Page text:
Year of release: 2016
If Gentleman Surfer's 2013 avant-pop masterpiece Blaks was a fusion of Matt Patton and a deranged children's TV show, and last year's Gold Man showcased a plunge into prog-rock madness where standard song deconstruction was the methodology, then Reanimate One is what happens when things slow down.
Slowing down, of course, is not a pejorative; since vocalist/multi-instrumentalist Jon Bafus, keyboardist Zach Bissell, guitarist Barry McDaniel, and bassist Drew Walker have simply placed a greater influence on melody, distorted guitar, and crackling bass this time around. The fully instrumental record still occupies the math-jazz-prog fusion genre; with complex rhythms, syncopated grooves, kitschy synths, and most crucially, some Les Claypool-esque knotty bass work dominating the proceedings. Reanimate One is also a looser and more refined affair than the band's past work; lurching forward with an insistent tension and control, it's off-kilter tendencies unspooling in spurts rather than as a frenetic explosion from the outset.
Tracks like "Don't Forget to Breathe", with its warped 50s sci-fi keyboard washes, rolling drum fills, and 16-bit heroes journey crescendo, and the ambient march of "Cloud College", are indicative of the album's relative restraint overall. Something like "Happy House", which comes off like a Hella-era Zach Hill jam session, is perhaps what fans may expect, but more intriguing are cuts like "Creep Dance"; with its swaying, sexy combination of detuned guitar chords, fairly straightforward drumming, and random analog glitches.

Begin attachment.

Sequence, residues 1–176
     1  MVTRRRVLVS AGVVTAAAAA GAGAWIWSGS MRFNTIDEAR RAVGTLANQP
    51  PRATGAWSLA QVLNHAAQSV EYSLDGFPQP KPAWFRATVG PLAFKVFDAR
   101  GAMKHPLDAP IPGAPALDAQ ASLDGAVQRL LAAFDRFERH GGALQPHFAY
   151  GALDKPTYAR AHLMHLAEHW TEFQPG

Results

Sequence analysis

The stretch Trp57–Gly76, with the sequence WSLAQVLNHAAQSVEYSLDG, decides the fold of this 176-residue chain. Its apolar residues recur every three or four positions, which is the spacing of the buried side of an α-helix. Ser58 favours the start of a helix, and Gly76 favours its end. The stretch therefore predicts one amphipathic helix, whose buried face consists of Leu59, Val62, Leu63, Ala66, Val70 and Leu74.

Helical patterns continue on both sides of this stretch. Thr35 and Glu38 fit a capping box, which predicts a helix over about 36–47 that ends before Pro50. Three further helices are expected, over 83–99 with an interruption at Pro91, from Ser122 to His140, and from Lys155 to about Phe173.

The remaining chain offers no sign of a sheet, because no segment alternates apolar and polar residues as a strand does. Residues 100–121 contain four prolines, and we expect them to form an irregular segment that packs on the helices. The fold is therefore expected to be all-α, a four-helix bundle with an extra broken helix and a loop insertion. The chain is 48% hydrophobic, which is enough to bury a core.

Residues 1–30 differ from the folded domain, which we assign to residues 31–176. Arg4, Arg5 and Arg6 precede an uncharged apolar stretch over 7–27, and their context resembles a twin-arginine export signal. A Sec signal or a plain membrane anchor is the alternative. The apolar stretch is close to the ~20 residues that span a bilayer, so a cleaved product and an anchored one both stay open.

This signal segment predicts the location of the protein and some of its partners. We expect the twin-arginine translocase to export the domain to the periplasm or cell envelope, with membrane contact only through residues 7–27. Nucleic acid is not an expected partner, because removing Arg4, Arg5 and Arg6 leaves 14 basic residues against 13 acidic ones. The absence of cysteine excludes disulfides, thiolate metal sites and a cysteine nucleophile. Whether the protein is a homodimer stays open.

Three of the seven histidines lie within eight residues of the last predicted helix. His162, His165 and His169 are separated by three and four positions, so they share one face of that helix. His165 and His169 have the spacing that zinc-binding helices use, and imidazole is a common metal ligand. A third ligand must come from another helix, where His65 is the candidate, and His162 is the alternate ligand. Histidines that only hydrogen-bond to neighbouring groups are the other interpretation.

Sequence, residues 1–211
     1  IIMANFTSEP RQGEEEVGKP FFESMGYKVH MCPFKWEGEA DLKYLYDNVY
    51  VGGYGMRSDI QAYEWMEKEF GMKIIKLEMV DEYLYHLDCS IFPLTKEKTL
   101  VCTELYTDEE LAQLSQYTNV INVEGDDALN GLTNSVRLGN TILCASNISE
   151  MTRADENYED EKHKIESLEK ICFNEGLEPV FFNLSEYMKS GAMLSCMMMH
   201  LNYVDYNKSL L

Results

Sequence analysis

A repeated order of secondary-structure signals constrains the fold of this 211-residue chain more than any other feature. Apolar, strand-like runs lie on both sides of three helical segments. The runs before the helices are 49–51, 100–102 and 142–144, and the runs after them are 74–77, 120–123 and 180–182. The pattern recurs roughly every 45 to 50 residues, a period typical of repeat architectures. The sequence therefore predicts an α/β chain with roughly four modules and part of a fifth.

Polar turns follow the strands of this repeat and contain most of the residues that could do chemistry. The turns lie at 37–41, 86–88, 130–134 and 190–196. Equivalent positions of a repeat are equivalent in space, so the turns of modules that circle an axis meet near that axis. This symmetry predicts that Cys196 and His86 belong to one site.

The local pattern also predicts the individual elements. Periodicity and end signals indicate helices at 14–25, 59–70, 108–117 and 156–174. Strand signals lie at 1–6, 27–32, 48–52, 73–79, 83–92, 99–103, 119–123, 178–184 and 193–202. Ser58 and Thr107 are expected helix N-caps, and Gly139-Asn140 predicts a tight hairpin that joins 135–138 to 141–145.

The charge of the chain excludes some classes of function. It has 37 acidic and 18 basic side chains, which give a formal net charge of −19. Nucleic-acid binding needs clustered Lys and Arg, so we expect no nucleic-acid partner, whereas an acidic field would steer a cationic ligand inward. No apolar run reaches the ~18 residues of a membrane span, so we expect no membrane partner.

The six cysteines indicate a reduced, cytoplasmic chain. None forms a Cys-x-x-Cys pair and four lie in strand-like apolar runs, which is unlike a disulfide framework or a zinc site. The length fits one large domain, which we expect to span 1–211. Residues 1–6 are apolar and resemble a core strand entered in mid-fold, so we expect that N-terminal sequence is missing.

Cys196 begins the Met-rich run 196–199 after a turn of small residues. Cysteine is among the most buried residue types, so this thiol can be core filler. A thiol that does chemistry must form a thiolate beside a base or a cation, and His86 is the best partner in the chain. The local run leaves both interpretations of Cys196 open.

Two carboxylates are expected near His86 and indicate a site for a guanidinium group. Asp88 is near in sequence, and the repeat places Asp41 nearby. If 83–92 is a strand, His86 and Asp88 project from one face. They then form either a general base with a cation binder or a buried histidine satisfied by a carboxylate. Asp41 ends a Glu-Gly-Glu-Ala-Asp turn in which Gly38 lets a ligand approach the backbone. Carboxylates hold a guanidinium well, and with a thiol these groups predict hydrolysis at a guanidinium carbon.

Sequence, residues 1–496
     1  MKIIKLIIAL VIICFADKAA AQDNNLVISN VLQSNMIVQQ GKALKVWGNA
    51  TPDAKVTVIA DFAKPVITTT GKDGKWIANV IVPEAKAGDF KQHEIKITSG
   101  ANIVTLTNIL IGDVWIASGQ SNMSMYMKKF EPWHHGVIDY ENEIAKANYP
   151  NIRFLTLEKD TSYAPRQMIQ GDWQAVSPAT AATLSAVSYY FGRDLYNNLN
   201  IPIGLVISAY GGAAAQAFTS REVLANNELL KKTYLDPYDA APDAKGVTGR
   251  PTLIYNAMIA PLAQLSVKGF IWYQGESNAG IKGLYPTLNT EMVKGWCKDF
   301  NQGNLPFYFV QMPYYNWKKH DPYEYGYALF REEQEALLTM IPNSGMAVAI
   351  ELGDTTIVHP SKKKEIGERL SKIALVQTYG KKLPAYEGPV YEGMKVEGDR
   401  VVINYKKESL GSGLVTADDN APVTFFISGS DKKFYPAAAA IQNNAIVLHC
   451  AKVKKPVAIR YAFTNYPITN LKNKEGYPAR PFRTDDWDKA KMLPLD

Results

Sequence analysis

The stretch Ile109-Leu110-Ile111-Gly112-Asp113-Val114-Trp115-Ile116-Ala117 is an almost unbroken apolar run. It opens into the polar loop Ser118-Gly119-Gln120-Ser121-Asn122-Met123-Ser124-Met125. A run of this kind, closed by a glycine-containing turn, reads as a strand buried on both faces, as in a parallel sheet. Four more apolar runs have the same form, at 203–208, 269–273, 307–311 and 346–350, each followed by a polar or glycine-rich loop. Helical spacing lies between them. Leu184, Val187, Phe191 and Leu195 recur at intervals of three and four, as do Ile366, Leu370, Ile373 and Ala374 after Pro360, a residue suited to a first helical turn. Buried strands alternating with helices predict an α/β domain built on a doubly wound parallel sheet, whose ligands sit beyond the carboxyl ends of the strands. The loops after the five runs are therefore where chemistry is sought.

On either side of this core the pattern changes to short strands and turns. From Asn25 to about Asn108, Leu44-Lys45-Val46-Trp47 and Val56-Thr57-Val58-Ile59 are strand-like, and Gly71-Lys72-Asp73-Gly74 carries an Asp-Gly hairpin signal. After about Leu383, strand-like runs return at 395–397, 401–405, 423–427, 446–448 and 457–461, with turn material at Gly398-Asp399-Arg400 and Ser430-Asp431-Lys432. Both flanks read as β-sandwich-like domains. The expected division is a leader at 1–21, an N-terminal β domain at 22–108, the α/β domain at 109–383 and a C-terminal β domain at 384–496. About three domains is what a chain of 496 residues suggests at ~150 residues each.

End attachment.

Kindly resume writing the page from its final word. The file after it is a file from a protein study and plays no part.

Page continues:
On the whole, Reanimate One reveals a less manic side of the band while still reveling in gonzo musicianship and oddball compositions. The emphasis on building tempo and momentum around groove and melody slowly means the album is densely rewarding upon multiple listens. It's also, of course, just as weird and uncompromising as one would expect from a band tirelessly bucking genre conventions.